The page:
San Diego Law Review


Seth J. Kelsey

Library of Congress Authority File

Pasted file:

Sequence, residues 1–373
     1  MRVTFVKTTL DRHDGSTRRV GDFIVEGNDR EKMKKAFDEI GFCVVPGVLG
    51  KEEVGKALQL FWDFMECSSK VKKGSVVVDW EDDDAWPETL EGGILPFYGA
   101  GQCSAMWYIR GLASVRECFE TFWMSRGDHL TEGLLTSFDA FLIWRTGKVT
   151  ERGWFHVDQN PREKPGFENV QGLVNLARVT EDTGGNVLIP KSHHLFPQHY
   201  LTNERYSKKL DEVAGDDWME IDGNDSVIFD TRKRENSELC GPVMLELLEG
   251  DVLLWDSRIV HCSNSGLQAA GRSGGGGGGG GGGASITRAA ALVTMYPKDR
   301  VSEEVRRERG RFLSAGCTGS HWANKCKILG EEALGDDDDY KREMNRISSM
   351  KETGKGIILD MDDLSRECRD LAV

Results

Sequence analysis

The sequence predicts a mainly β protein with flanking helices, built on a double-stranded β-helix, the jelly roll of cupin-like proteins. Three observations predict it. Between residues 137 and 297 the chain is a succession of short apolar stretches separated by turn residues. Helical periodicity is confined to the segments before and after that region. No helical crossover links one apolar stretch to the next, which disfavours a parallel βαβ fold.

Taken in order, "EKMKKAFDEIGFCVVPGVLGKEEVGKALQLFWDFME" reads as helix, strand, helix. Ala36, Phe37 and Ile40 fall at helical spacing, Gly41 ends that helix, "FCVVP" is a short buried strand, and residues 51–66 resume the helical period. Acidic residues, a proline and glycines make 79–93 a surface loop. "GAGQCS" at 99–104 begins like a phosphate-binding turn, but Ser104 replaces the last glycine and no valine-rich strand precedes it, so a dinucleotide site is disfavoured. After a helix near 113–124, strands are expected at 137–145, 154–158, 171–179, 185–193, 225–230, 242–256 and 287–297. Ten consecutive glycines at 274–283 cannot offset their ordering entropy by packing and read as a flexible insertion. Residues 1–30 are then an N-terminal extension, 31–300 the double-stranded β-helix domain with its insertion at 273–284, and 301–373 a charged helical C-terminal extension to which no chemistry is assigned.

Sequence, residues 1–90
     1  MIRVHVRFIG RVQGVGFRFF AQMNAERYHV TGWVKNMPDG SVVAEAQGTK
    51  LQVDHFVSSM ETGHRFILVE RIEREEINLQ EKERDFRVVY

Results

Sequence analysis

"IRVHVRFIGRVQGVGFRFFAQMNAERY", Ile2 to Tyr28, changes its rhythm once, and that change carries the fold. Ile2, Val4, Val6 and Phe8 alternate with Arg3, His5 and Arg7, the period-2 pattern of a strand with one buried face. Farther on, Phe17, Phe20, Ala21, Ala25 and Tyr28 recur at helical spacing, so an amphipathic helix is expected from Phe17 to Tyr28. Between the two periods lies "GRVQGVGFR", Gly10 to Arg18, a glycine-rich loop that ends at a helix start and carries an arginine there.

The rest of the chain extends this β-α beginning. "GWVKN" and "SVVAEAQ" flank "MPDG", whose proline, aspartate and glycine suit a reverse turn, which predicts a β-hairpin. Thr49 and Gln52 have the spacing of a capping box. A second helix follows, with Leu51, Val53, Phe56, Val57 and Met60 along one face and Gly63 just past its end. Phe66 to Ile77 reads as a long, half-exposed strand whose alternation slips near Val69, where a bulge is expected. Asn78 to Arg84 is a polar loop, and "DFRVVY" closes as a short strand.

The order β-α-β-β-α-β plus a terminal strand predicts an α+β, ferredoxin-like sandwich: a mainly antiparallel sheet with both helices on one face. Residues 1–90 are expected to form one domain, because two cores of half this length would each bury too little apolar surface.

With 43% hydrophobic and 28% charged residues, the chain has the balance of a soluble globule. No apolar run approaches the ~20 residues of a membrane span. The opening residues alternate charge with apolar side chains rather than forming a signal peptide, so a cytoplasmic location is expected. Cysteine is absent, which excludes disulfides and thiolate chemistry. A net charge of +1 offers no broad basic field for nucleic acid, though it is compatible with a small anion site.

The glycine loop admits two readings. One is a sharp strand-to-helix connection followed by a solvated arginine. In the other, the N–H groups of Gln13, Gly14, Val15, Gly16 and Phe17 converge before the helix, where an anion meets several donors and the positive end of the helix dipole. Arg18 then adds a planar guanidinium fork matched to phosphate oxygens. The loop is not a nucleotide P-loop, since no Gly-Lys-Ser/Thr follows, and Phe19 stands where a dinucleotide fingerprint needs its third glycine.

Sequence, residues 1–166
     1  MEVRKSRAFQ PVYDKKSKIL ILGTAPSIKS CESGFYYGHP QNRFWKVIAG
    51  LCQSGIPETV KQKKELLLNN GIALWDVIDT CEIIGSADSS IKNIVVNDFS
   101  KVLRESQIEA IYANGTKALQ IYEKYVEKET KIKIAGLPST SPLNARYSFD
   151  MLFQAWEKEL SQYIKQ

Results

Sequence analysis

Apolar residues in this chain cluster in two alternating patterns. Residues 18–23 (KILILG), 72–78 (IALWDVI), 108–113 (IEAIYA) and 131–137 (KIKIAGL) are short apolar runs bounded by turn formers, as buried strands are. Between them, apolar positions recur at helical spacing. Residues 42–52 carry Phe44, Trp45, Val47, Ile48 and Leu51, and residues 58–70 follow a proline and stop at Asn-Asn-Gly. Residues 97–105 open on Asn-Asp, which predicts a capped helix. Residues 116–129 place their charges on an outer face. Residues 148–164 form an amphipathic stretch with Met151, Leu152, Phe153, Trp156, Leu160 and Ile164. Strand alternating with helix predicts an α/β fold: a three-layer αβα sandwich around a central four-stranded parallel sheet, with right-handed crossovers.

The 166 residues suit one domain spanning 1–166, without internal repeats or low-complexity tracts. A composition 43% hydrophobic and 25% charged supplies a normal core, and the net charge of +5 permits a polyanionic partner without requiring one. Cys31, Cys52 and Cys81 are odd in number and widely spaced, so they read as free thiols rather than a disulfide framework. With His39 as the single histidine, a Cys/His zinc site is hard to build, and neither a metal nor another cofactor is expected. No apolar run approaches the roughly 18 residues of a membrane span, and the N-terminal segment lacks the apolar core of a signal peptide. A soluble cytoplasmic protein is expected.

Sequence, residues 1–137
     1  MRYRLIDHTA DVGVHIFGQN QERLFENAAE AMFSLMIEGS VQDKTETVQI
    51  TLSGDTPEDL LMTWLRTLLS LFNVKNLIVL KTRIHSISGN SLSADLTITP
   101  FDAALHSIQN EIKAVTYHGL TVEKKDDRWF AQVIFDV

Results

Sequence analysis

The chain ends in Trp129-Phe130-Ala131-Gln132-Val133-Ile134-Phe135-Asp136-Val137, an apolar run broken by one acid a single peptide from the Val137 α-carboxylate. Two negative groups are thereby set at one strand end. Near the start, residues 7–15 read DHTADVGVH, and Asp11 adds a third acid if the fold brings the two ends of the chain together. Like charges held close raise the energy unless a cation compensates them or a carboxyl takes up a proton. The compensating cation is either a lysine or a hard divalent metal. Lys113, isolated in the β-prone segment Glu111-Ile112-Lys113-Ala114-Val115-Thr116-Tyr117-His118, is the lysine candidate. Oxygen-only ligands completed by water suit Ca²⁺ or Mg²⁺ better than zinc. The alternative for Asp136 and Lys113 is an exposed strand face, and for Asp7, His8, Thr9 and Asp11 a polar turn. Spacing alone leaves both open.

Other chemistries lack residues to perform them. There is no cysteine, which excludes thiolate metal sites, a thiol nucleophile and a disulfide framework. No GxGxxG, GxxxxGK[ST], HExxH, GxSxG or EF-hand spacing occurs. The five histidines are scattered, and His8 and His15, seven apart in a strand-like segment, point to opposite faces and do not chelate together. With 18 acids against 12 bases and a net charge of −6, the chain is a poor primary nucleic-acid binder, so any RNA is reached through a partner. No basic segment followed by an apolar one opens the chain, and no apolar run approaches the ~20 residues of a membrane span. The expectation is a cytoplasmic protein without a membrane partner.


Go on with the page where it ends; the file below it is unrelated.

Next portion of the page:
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The recent decisions that have attempted to explain the scope of the Cruel and Unusual Punishments Clause suggest that, abstractly, there may be some merit in the asserted eighth amendment challenge. Before the challenge can be argued from a position of strength, however, there is at least one prerequisite. The "distinction according to purpose" accepted by the courts must be recognized for what it is in many instances-a semantical distinction that fails to look at the coercive imprisonment any further than the locking of the jailhouse door. What strength there is in the challenge, in the context of coercion to compel testimony, many well be found in the inherent lack of distinction between the two types of contempt when dealing with witnesses who have no intention of ever testifying. For the strong-willed contemner, this imprisonment clearly predominates with punitive aspects. The courts must uniformly decide, as the Court of Appeal did in In re Farr, that the remedial aspects of civil contempt incarceration are minimal, if not non-existent, when applied to the obstinate contemner.

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